Whether your style is whimsical, elegant, traditional or contemporary you can find a unique art piece for your garden that let’s your friends and family know that this is your garden. However it is the relationship between the art and the garden that really makes or breaks it. There has to be a reason for that particular piece of art to be placed in that specific location. Both the art and the garden should be enhanced by the association and using foliage is one of the easiest ways to accomplish this.
The Snuggle Factor
The pears above are nestled into the leafy ‘arms’ of ferns, Heuchera and moss. Over time the moss has started to wrap itself around the over-sized fruit such that the lines are blurred between art and garden. The bold color catches our attention but rather than seeming incongruous in this subdued leafy setting it is highlighted by the contrasting textures and shades of green. (From the garden of Tina Dixon, WA)
Hide and Seek
These funky fish (found lurking in the garden of Mary Palmer, Snohomish, WA) are swimming through a golden ‘seaweed’. Depending on the breeze sometimes you see them – sometimes you don’t. Art doesn’t have to be completely visible to be a focal point. Sometimes a little subtlety is a good thing. This isn’t the sort of focal point that will knock your socks off 1oo yards away but rather a ‘garden moment’ waiting to be discovered as you stroll through the space.
Art Mimicking Foliage
Giant concrete Gunnera leaves have become increasingly popular since iconic artists George and David Lewis started creating them. I’ve seen these in many tints of color and in many settings but what I loved most about the composition above was how natural it looked within its environment.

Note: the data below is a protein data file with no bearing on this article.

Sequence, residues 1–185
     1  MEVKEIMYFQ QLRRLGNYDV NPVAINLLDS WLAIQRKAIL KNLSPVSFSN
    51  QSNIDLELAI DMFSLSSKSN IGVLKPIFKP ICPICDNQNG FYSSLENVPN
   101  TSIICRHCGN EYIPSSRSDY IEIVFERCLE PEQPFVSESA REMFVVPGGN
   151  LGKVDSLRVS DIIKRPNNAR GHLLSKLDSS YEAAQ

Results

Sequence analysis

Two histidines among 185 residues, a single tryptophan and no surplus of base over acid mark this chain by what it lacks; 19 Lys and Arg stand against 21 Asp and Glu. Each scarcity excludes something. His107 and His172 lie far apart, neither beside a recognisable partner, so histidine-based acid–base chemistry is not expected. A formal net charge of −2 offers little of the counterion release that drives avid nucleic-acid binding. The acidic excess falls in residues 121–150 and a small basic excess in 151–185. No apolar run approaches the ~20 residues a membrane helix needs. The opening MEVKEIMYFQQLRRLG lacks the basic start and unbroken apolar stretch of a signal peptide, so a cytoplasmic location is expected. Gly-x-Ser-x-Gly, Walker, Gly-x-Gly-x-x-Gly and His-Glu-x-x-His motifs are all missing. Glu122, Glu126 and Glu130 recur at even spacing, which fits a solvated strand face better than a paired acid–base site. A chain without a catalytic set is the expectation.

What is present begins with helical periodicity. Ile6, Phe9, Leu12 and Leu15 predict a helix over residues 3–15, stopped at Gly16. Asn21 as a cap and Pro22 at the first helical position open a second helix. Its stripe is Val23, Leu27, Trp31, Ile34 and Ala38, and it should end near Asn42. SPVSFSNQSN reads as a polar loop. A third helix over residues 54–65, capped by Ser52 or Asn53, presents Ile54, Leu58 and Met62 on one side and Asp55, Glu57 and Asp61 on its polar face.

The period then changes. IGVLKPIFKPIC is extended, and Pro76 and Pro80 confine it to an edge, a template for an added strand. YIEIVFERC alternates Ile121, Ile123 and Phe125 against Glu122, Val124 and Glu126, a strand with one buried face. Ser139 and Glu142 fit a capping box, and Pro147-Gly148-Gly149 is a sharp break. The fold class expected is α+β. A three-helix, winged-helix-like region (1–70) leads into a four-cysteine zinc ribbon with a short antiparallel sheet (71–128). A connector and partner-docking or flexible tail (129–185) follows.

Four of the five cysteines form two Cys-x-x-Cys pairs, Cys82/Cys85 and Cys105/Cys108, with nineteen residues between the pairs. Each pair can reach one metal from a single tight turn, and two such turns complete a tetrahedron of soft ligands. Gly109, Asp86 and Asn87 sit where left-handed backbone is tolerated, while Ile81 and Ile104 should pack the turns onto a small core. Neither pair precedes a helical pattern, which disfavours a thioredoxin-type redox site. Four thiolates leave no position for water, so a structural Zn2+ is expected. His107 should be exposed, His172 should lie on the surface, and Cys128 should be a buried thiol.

The sheer size of the leaf grabs our attention and the texture is so realistic that I challenge anyone to walk past without at least being tempted to reach out and touch it!
Within this vignette is a secondary art piece; a small concrete pillar finished in such a way as to suggest antiquity but in reality quite new. Emerging from a cluster of hosta and topped with soft grass this column adds to the drama while again benefiting from the backdrop of foliage to give it a sense of presence.
Even in winter foliage can play a vital part in transforming your focal point into a vignette. Notice how in the photograph above (Taken at the Denver Botanical Garden) the bleached grasses frame the imposing sculpture. The art is impressive enough to stand alone but the grasses enhance it. Their soft, rustling blades contrasts with the stark, gold granite – especially poignant on a bitingly cold winter day.
Placing art into a garden does not automatically create a fabulous focal point. Placing it in such away that it relates to its surroundings and then adding either a frame or backdrop of foliage takes a focal point and transforms it into a vignette.
(This is part two in a four part series on focal points. Missed Part 1? Find it again here)
For more ideas on focal points sign up for my design class on Craftsy; Gorgeous Garden Design; Foliage & Focal Points.
Read my reviews, interact with other students (over 200 at the last count), ask questions and enjoy the class whenever you choose and as often as you want to.